70 Million Nice Dogs . . . But Any Dog Can Bite

(Image courtesy: Commons.wikipedia.com)

Despite having a reputation as “man’s best friend,” dogs can pose a serious threat to the health and well-being of a community. National Dog Bite Prevention Week takes place during the third week of May each year and focuses on educating people about preventing dog bites.   With an estimated population of 70 million dogs living in U.S. households, millions of people—most of them children—are bitten by dogs every year.  The majority of these bites, if not all, are preventable.

  • Prevent the Bite reports that according to the Center for Disease Control, dog bites are the 11th leading cause of non-fatal injury to children ages one to four, 9th for ages five to nine, and 10th for ages ten to fourteen.
  • The Insurance Information Institute estimates that in 2013, insurers across the country paid over $483 million in dog bite claims.
  • The American Society for Reconstructive Microsurgery reports 26,935 reconstructive procedures were performed in 2013 to repair injuries caused by dog bites.
  • The U.S. Postal Service reports that 5,581 postal employees were attacked by dogs in 2013.  Children, elderly, and postal carriers are the most frequent victims of dog bites.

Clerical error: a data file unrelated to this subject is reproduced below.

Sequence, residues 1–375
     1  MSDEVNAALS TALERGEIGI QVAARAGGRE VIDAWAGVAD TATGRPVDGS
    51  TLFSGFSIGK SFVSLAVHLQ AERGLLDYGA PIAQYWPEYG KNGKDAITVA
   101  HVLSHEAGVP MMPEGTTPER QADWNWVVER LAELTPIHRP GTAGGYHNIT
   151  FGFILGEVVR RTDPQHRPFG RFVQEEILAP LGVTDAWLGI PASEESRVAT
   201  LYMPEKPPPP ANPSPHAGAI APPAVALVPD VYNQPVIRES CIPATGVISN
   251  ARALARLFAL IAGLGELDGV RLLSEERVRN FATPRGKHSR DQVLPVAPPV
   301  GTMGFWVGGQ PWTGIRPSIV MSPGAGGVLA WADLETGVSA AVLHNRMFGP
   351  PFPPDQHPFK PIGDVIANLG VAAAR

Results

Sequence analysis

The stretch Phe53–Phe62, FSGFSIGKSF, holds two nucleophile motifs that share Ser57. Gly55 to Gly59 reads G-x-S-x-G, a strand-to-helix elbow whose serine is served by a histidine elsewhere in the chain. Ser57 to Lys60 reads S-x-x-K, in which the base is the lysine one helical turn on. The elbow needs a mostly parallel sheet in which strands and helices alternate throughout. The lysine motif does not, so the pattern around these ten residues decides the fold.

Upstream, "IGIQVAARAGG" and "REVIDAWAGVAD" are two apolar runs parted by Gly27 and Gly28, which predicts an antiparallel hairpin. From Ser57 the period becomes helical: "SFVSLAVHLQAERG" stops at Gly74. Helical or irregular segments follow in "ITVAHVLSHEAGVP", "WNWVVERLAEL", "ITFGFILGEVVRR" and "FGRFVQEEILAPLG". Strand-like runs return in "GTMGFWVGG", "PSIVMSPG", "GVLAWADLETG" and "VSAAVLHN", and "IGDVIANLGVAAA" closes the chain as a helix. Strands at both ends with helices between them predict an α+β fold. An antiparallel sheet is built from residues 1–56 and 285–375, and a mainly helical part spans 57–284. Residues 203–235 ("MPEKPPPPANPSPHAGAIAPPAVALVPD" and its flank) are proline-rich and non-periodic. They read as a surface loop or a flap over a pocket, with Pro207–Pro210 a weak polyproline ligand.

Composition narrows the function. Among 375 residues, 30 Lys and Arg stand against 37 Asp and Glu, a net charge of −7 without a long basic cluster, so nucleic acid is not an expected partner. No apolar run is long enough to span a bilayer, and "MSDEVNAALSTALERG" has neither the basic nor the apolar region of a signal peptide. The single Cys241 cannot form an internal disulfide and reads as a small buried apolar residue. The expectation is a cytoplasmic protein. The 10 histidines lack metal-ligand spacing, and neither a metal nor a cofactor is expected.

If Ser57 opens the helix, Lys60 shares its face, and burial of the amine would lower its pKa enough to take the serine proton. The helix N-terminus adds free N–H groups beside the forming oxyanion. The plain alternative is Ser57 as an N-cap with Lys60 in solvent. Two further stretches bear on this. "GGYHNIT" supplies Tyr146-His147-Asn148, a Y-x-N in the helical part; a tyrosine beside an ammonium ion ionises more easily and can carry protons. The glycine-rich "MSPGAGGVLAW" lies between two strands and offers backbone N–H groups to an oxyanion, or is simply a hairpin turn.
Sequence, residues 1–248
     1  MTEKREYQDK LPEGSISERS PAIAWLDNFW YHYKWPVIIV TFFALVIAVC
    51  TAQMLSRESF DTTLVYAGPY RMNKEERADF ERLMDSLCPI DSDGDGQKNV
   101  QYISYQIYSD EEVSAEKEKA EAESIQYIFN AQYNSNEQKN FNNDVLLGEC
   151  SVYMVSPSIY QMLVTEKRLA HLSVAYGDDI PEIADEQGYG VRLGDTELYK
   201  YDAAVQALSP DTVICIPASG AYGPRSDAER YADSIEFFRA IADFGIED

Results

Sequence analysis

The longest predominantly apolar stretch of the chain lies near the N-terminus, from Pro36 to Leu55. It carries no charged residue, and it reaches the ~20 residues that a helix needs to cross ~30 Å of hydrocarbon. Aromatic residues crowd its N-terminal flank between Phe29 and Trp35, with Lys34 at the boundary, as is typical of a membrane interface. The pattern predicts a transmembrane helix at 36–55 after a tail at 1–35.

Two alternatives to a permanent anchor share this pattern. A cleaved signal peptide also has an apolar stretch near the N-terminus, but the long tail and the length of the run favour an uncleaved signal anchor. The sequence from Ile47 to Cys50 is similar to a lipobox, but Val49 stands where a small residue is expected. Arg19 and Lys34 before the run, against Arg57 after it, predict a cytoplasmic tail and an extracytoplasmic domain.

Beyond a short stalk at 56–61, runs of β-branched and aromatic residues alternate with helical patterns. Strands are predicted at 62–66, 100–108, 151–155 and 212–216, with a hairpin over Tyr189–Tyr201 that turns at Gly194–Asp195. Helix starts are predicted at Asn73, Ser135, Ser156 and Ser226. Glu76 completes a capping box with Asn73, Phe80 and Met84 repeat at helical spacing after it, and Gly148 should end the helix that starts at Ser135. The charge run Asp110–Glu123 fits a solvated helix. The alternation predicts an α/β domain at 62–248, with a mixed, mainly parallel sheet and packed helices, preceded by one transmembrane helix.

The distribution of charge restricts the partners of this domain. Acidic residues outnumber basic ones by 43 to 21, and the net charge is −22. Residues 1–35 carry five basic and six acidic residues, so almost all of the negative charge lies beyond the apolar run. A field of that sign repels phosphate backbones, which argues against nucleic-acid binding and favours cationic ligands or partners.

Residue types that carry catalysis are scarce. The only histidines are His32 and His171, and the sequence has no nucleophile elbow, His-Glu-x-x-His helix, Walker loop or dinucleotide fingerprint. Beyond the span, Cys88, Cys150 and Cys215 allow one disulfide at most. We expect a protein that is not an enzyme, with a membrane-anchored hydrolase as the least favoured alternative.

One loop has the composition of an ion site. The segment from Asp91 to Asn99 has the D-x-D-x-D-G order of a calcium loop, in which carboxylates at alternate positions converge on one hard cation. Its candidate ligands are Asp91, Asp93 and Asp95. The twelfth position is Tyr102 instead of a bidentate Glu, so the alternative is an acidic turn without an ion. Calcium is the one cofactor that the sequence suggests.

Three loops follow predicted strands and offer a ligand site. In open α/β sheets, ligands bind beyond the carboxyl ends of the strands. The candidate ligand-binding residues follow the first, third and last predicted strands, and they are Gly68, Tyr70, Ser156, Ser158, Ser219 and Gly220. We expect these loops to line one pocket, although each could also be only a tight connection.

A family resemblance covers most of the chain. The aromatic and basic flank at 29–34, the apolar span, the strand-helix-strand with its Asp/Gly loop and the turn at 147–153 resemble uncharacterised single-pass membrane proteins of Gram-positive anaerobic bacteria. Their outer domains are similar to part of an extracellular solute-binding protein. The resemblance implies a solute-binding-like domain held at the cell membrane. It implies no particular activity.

• The American Humane Association reports that 66% of bites among children occur to the head and neck.

It is important for children and their parents to know that any dog can bite and cause serious injury.  The American Veterinary Medical Association says educational programs that address how to avoid dog attacks best serve children in kindergarten through fourth grade.  However, parents can teach their children appropriate behavior around dogs at any time. Listed below are tips for avoiding dog bites set forth by the CDC:

  • Be able to recognize agitated or anxious dogs.  A scared dog can be identified by standing ears and back fur, tail straight up, and growling or bared teeth.  A scared dog may try to make itself appear smaller by crouching, flattening its ears, or lowering its head.
  • Never approach a dog you do not know.  If an unfamiliar dog approaches you, remain still and let the dog sniff you.  Dogs identify others by sniffing them.
  • Speak softly and move slowly around dogs.  Loud voices and movements can excite a dog and be interpreted as aggression.
  • If an aggressive dog confronts you, stay calm.  Do not make eye contact and never try to outrun a dog.  Back away slowly, and “feed” the dog something it can grab, such as a jacket, book bag, or shoe.  These items will often divert the dog’s attention.

The law firm of Hoskins, Turco, Lloyd & Lloyd has decades of experience representing individuals and their families in a multitude of personal injury cases.  If you or a loved one has sustained serious injury from a dog bite, contact our office today for a free case evaluation.   Our diligent attorneys represent each and every client with the utmost respect, compassion, and employ the thorough legal expertise needed to make each case a success.

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